World powers struck an agreement that a transitional government should be set up in Syria to end the conflict there but they remained at odds over what part President Bashar al-Assad might play in the process.
Peace envoy Kofi Annan said after the talks in Geneva on Saturday the government should include members of Assad's administration and the Syrian opposition and that it should arrange free elections.
The talks had been billed as a last-ditch effort to halt the worsening violence in Syria but hit obstacles as Russia, Assad's most powerful ally, opposed Western and Arab insistence that he must quit the scene.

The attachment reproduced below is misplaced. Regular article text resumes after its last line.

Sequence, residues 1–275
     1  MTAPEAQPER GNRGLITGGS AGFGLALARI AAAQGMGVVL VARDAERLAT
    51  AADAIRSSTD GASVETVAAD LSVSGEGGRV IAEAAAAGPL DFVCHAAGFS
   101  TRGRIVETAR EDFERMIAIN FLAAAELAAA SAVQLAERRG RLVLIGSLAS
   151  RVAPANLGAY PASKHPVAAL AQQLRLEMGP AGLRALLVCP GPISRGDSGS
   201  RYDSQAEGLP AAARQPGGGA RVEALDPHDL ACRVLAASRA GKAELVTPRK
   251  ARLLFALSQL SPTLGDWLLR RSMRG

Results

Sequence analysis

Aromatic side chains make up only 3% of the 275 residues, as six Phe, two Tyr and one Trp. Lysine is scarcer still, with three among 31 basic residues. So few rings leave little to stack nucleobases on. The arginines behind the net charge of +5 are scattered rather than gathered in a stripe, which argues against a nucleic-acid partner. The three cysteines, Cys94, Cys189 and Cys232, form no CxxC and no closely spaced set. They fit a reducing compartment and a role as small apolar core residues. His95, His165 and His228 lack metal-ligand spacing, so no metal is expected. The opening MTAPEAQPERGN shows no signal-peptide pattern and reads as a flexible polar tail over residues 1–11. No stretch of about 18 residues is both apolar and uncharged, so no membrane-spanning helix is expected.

The final communique said the transitional government should be formed "on the basis of mutual consent".
After the meeting, the US and Russia contradicted each other over what that meant for Assad, who has ruled Syria for 11 years. Russian foreign minister Sergei Lavrov said he was "delighted" with the result. The deal did not attempt to impose a process on Syria, he said.
But U.S. Secretary of State Hillary Clinton said it sent a clear message to Assad that he must quit.